RONNIE O’Sullivan may or may not have deserved to make the shortlist for this particular year’s BBC Sports Personality of the Year Show, but the annual programme celebrating the sporting year this Sunday will be another reminder that he has never even been nominated and put forward to the public vote.

This year O’Sullivan has won the Masters, the Welsh Open making a 12th and all-time record 147 maximum break to win it, the Champion of Champions and the UK Championship in one of the best finals of recent years, chucking in another 147 in the event. And all done with the usual panache and style that has even fellow pros purring, drawing in TV viewers in the millions.

Let’s be generous to this year’s much-changed BBC panel and note some of those achievements occurred after the shortlist was announced, and also that he fell short in the big one, the World Championship final at the Crucible, losing 18-14 to Mark Selby in a match which he unusually let slip. If you believe that a world title should be some kind of pre-requisite to be nominated then there is at least a reason this year, although that is a decent campaign by most normal standards.

However the BBC have now given themselves a serious problem over O’Sullivan and wider sporting recognition for him on SPOTY - and it stems purely and simply from bewildering past oversights, and from not nominating him when they should have.

If not earlier, they should have had him on the shortlist in 2012, when his career was all but saved by sports psychiatrist Dr Steve Peters, and O’Sullivan went from being 4-0 down in the first round in January at the German Masters to beating Andrew Higginson, winning his first ranking title for two and a half years in Berlin, and then winning a fourth world title and a first for four years.

And even more unforgivably, he should have been on the shortlist last year, incredibly waltzing to a fifth world title after finally doing what he had threatened for years and taking almost an entire season away from the game to recharge the batteries.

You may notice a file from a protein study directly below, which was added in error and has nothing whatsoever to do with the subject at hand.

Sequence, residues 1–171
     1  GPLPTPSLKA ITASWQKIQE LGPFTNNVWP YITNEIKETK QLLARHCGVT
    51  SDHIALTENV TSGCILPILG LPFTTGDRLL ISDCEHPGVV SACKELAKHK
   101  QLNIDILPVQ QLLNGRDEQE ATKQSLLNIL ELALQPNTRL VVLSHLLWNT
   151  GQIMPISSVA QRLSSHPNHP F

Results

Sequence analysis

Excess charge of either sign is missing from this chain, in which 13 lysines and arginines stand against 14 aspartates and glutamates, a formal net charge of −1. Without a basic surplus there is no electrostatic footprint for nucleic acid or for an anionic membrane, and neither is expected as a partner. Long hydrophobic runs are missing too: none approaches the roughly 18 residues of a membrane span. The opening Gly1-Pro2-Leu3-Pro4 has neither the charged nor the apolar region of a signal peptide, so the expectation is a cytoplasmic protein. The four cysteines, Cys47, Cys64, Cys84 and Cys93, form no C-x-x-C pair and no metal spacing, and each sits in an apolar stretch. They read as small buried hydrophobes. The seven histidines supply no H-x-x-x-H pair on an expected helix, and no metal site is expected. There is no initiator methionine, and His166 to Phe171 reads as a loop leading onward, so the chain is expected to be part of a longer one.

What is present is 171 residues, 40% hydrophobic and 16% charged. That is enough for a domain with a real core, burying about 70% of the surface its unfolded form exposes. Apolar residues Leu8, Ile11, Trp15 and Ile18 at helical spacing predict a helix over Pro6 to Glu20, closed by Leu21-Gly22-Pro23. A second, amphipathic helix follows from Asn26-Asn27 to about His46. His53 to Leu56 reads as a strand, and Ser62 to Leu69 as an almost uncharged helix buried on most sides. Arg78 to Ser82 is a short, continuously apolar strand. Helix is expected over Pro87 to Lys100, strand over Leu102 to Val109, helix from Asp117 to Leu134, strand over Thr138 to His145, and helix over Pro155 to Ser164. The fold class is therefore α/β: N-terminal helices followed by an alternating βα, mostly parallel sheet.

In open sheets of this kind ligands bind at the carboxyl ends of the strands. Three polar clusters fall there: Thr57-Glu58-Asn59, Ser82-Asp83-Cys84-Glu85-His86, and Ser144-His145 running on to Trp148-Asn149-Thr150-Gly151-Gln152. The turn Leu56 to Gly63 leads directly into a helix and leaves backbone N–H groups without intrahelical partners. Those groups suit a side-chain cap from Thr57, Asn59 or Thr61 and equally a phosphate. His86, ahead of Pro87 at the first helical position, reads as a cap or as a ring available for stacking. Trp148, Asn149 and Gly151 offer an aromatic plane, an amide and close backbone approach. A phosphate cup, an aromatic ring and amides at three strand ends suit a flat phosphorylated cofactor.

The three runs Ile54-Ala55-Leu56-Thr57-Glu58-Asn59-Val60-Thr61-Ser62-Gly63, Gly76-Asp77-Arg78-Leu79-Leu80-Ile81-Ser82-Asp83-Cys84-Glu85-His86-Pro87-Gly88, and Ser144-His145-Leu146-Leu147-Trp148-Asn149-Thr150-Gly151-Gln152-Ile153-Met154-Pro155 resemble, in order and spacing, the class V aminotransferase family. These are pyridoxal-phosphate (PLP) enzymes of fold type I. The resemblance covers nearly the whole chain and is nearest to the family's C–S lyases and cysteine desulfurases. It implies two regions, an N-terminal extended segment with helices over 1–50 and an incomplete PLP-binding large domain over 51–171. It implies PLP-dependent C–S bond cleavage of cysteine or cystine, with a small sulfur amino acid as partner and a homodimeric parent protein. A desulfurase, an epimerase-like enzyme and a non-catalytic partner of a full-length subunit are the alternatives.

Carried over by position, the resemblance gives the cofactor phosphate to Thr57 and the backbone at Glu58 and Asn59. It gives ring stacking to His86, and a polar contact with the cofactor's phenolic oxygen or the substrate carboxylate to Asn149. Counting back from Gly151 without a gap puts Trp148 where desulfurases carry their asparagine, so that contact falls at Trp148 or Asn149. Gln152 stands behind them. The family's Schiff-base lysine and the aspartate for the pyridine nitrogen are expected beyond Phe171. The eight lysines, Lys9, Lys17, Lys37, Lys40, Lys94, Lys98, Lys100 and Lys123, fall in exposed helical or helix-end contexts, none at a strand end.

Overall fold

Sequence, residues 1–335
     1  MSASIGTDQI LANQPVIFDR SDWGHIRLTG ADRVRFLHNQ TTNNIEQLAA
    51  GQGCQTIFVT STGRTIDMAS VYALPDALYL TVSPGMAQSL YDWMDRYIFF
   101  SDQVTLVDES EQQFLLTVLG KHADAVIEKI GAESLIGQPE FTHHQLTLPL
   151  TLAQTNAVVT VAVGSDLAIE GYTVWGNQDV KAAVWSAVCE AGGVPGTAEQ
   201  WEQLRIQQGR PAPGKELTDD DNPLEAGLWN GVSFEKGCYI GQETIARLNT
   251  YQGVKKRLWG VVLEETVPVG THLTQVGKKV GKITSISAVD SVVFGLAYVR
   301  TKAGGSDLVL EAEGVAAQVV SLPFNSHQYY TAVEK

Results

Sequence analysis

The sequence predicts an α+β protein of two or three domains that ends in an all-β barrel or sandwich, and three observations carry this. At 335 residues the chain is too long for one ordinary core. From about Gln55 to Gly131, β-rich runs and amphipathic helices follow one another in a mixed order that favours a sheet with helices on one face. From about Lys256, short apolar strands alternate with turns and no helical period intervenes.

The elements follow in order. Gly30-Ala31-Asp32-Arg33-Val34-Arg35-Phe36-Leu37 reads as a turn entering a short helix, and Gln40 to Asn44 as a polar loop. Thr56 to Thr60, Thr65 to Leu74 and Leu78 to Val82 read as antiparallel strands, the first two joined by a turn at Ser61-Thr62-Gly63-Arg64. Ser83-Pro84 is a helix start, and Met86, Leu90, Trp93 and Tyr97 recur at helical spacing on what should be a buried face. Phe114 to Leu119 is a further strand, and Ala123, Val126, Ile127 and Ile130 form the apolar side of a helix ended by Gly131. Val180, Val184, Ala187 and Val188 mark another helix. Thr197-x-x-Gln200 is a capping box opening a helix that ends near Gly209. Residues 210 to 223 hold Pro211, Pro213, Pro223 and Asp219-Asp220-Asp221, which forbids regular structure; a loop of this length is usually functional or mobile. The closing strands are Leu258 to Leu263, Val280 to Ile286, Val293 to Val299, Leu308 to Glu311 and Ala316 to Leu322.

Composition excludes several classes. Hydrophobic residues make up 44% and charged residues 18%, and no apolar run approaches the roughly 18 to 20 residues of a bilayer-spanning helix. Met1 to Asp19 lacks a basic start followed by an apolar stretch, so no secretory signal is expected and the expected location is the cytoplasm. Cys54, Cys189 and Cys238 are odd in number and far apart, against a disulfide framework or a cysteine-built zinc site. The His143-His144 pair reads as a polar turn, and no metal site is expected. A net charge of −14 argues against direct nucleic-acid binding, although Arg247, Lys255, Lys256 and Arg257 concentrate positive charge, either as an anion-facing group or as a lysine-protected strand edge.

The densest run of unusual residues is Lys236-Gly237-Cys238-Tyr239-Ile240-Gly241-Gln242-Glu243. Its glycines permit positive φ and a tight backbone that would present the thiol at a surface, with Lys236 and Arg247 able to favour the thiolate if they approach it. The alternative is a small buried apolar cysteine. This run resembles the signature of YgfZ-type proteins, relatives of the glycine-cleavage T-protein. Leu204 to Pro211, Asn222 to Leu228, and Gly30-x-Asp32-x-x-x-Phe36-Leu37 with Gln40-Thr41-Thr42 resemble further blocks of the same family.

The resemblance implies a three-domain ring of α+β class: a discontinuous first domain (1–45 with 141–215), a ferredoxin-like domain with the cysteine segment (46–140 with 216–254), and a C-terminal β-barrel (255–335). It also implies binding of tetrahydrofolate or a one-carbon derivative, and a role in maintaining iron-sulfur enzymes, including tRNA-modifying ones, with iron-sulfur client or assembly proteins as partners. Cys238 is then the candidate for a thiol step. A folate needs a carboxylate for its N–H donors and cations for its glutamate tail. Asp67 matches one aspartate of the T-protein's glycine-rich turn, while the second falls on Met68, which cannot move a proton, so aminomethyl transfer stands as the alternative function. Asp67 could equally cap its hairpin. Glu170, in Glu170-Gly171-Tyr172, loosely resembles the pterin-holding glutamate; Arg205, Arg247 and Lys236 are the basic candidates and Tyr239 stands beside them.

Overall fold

Having not taken these opportunities to give O’Sullivan the chance of at least a public vote for the recognition, either a) he never will be; b) the pressure reaches such a level he might get nominated in a year he shouldn’t be to make up for it; or hopefully c) he does win another world title, by no means guaranteed, and the chance is finally and belatedly taken to push his claims.

In recent casual conversations with sports editors they have expressed amazement that O’Sullivan has never been on the shortlist, since he transcends his own sport in the way great sportsmen do. And yet it is some of their colleagues who have in the past been in part responsible, making up the numbers on the panel who decides – alongside BBC senior management, and a selection of the great and the good of British sport.

There just seems to be a snobbery that persists about snooker, and a bias, agenda, call it what you like towards other sports. There is simply no other rational explanation as to why O’Sullivan has never been on the shortlist. This can’t be levelled at the public – they aren’t even getting the chance to vote – so it is the panel. A public vote would in my view in the years mentioned above have resulted in something akin to darts legend Phil Taylor’s second place in 2010.

Steve Davis, working for the BBC at the recent UK Championship, stated as diplomatically as he was able that O’Sullivan there was “more emphasis on sports where you sweat”, in fairness probably as far as he could go before in all likelihood earning some kind of rebuke from his employers. Davis, of course, finished in the top three five times in the 1980s in the days of a free vote.

His BBC co-presenter and commentator Stephen Hendry was stronger after last year’s baffling omission, raising the snobbery concern. O’Sullivan himself is pretty philosophical when asked about it, just accepting that he and his sport are not the cups of tea of those doing the judging.

In fairness there was a time in his career when O’Sullivan probably didn’t help himself, with the regular talk of retirement and hating his own sport – but the work with Peters has seen almost all of that disappear since 2011. And there is a valid reason he is called a genius to the point of monotony. That he is a genius.

The bottom line is that O’Sullivan would be far more recognised – and for good reason – than many of those shortlisted this or last year. He would be more recognised than most footballers. Probably six of this year’s crop could happily go down the street without being spotted. Fame isn’t everything, but O’Sullivan is widely known for his supreme talent and honours on the table and a certain notoriety, fascination and intrigue off it.

Personality, let’s call it. Let’s see if anything changes if he can equal Davis’s world title tally in Sheffield.


Photograph by Monique Limbos